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No. 3482 April 1, 1911




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However we may despise fiction, there is no doubt that it often unconsciously fulfils purposes which no other form of writing, except perhaps diaries and familiar letters, can pretend to fulil. It gives us the atmosphere of an age or a generation, and it clothes the dry bones of history with flesh and blood. We shall find, as might be expected, that just in proportion as the lower classes—we use the term in no invidious sense rise in importance, so do works of fiction concern themselves with their doings. In the days of Homer, while the adventures and exploits of kings and chiefs were chronicled with abundance of loving and admiring detail, the common herd were almost passed over in silence." So tales of chivalry, the delight of the Middle Ages, dealt mainly with the doIngs of noble knights and beautiful ladies. Chaucer and Piers Plowman reflect in their poems the change that was coming over English thought and life.

The characters, largely drawn from the middle classes, who appear in the Prologue to the Canterbury Tales, herald a new era in English literature. But in the Tales themselves the serious element is chiefly supplied by the "privileged classes,” while the lower orders are mainly employed to give comic relief. The old ballad of Chevy Chase puts into the mouth of perhaps Its bravest warrior the characteristic words: You be two earls, quoth Witherington, And I a squire alone. Even Shakespeare does not, as a rule, concern himself much with the doings of the baser sort. He has a great con

• “The Vicar of Wakefield.” By Oliver Goldsmith. (London. 1766.)

"Bleak House." By Charles Dickens. (London. 1853.)

"The Old Wives' Tales." by Arnold Bensett. (London: Chapman and Hall. 1908.) "Thompson's Progress." By Cutcliffe

tempt for the masses, as we may see in the opening scene of Juliras Cæsar, and, like Chaucer, he generally utilizes them to supply the comic element in his plays.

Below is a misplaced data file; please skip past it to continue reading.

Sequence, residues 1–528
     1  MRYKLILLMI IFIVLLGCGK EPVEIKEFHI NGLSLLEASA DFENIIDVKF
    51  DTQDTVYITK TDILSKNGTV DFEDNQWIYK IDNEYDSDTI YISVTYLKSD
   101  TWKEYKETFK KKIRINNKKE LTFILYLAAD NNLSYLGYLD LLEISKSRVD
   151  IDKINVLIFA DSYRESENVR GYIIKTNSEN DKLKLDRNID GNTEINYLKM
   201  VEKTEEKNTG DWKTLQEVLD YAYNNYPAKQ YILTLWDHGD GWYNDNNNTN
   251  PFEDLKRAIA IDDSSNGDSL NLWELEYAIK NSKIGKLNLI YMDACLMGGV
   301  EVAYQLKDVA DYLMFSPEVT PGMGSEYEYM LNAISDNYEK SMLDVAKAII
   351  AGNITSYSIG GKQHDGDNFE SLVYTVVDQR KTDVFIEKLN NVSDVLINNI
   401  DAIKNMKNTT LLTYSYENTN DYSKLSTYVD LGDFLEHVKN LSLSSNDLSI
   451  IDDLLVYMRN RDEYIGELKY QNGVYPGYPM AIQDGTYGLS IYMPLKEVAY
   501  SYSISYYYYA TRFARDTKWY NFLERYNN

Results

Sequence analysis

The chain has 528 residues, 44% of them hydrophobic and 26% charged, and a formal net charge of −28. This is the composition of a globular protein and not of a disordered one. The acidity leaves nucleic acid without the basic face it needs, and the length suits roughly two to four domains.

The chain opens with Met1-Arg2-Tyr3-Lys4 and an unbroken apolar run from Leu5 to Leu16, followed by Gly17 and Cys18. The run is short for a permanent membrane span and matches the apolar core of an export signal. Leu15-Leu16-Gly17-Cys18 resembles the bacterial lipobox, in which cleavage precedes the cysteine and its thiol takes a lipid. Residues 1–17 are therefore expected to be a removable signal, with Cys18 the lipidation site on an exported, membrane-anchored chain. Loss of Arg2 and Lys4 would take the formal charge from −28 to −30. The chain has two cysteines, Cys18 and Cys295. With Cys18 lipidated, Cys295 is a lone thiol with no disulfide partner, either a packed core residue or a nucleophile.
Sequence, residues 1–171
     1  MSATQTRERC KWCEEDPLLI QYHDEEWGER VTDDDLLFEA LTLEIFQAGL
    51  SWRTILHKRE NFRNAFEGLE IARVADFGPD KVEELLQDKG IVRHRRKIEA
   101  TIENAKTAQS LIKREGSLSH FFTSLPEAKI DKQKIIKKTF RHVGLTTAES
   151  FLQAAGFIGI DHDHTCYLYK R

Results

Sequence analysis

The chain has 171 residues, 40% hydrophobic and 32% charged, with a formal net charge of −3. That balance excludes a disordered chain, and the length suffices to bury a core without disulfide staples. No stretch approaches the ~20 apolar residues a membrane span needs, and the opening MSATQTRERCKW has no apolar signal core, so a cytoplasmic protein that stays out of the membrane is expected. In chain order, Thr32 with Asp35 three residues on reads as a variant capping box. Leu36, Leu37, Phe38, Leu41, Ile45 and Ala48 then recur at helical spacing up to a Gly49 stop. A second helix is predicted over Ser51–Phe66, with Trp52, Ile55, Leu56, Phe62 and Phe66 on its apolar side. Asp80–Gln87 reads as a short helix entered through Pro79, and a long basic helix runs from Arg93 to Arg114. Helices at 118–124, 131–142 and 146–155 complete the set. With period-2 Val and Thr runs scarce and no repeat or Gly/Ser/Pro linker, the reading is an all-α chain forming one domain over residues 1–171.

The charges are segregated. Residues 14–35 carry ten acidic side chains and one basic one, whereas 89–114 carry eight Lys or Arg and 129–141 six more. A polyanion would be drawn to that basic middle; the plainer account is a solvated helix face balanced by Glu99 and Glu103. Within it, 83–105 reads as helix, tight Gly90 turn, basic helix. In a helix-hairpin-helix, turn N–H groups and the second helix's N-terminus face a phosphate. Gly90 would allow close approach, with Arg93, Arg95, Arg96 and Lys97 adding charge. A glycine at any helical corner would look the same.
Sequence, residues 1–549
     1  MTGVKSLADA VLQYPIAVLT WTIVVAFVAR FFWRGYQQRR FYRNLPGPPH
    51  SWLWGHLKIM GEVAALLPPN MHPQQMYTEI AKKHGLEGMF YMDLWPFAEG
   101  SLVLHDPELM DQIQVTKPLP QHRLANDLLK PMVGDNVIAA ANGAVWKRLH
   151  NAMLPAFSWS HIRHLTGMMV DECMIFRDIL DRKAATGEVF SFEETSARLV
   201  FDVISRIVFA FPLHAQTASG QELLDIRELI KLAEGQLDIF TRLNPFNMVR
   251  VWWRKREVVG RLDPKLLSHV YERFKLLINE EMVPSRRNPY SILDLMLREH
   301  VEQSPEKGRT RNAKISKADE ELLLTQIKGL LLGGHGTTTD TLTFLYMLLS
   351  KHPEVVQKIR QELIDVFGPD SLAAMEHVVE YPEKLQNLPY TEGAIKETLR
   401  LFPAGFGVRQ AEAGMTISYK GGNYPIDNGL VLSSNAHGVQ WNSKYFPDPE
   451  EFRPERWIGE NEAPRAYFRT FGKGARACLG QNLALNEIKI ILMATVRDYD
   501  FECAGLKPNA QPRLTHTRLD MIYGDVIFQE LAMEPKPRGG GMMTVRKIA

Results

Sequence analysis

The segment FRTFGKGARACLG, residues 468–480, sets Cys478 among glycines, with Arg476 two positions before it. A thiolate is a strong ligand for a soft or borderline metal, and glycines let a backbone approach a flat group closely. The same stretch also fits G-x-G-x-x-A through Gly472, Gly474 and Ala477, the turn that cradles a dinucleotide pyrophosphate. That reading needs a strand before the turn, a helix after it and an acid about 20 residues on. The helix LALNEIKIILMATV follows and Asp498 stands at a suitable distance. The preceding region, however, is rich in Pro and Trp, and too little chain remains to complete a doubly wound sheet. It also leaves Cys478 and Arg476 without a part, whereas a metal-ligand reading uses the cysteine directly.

But there is at least one notable exception. The finest scene in Henry V is without doubt the one where the king, unrecognized in the early morning twilight before the battle of Agincourt, takes part in the dialogue between “Bates, Court and Williams," three English soldiers, on the probable fortunes of the day. Here Shakespeare shows a genuine sympathy with the point of view of the common soldier, and the reality which this gives to the situation adds to the impressiveness of the magnificent soliloquy which follows:

Upon the king! This, however, is almost a solitary instance, for the beautiful figure of "Adam" in As You Like It-a part which tradition tells us, and which we love to believe, was once performed by the poet himself—shows us one whose chief characteristic is that of fidelity to his superiors. It is in this character, and not merely on his own account, that he interests us.

Long indeed after Shakespeare's time the main interest of English fiction, as well as of the drama, continued to lie with the upper classes. “Every reader" (says Goldsmith in the Vicar of Wakefield), “however beggarly himself, is fond of high-lived dialogues, with anecdotes of Lords, Ladies and K ghts of the Garter.” This delightful romance loses, nevertheless, none of its charm from the circumstance that it deals with the fortunes of simHyne. (London: T. Nelson and Sons. 1910.) And other Works,

1 The delightful episodes of Eumæus and Euryclea, both in the Odyssey, might be quoted as exceptions; but the poet's main interest is in their relations with Odysseus.

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ple and humble folk; and Fielding's Year after year, with savings long laid novels also show that the public taste

by, was shifting, and that "low life" had They bought the future dwelling's full

supply; begun to have an interest of its own.

Her frugal fancy cull'd the smaller "Except what Dr. Burdock does" (says

ware, Lady Blarney in the Vicar of Wakefield)

The weightier purchase asked her: "and our dear countess at Hanover

Reuben's care! Square there's nothing comes out but Together then their last year's gain, the most lowest stuff in nature, not a they threw, bit of high life among them.” This

And lo! an auction'd bed with curtains

neat and new! was written about 1765. Fielding had died in 1749, but his popularity was What if, when· Rachel gave her hand, very high when Goldsmith wrote, and

'twas one the art of Hogarth, though chiefly con- Embrowned by winter's ice and sumcerned with the vices and follies of the mer's sun? rich, was as broad in its sympathies What if in Reuben's hair the female, as it doubtless was in its humor. It

eye was long, however, before literature

Usurping gray among the black could seriously occupied itself with the for

What if, in both, life's bloomy flush tunes of the very poor. Some of the

was lost, most exquisite lines of Gray's Elegy

And their full autumn felt the mellowshow a fine and real sympathy with ing frost? the "rude forefathers of the hamlet,” Yet Time, who blowed the rose of though we may venture to doubt if

youth away, the shy sensitive inmate of Peterhouse

Had left the vigorous stem without would have had very much to say to